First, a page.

15mineralsIodine: A mineral essential for the production of thyroid hormones.sources: sea foods, iodized salt and foods containing iodized saltIron: A mineral that is an essential constituent of blood and muscle and important for the transport of oxygen. Certain groups can be at risk of having low iron levels. These include young children and early teens, women with heavy menses, women with multiple pregnancies, and people with conditions that cause internal bleeding, such as ulcers or intestinal diseases.sources: liver, red meat, egg yolk, legumes, whole or enriched grains and dark green vegetables.Magnesium: A mineral found mainly inside muscles, soft tissues and bone. It functions in many enzyme processes.sources: nuts, legumes, whole grains and green vegetablesManganese: A mineral that is important for growth, reproduction, formation of bone, and carbohydrate metabolism.sources: whole grains, fruits, vegetables and tea.Molybdenum: A mineral involved in many enzyme processes, nerve function and protein metabolism.sources: milk, beans, breads and cereals.
16MineralsSelenium: A mineral associated with antioxidant properties and fat metabolism. It has been claimed to help prevent cancer and cardiovascular diseasesources: seafoods and organ meats.Sodium: A mineral that regulates body fluid volume, concentration and acid-basesources: table salt (sodium chloride), foods processed with table salt, milk, milk products, eggs and seafoodsZinc: A mineral involved in wound healing, taste sensation, growth and sexual maturation and part of many enzymes regulating metabolismsources: meat, liver, eggs and seafood (oysters).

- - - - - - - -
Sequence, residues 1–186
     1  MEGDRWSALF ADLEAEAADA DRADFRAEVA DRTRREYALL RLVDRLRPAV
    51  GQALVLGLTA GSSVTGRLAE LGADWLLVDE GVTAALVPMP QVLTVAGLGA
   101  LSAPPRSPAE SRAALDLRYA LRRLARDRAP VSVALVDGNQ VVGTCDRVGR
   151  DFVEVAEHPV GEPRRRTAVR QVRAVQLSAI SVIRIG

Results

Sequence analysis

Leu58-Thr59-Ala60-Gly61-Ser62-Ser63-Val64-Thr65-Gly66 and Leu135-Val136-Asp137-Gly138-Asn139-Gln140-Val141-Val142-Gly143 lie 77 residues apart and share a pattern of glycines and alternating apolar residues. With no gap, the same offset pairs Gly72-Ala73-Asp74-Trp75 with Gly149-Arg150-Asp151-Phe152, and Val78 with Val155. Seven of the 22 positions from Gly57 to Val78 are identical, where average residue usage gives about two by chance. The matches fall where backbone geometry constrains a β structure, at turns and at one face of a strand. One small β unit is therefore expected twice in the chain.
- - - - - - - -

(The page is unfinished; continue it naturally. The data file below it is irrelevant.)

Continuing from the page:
17WaterWater is your body's most important nutrient, is involved in every bodily function, and makes up % of your total body weight. Water helps you to maintain body temperature, metabolize body fat, aids in digestion, lubricates and cushions organs, transports nutrients, and flushes toxins from your body.Everyone should drink at least 64 ounces per day, and if you exercise or are overweight, even more. Your blood is approximately 90% water and is responsible for transporting nutrients and energy to muscles and for taking waste from tissues.
25Build a Healthy Base 3. Let the pyramid guide your choices 4. Choose a variety of grains daily, especially whole grains5. Choose a variety of fruits and vegetables daily.6. Keep food safe to eat.
26Choose Sensibly7. Choose a diet that is low in saturated fat and cholesterol and moderate in total fat8. Choose beverages and foods to moderate your intake of sugars9. Choose and prepare food with less salt10. Individuals over 21 who drink alcoholic beverages should do so in moderation
28Review What is nutrition? What is a nutrient? What are the 6 nutrients?Give an example of each nutrient (food source)Why are they important to have in your dietCan you name 5 of the 10 dietary guidelines?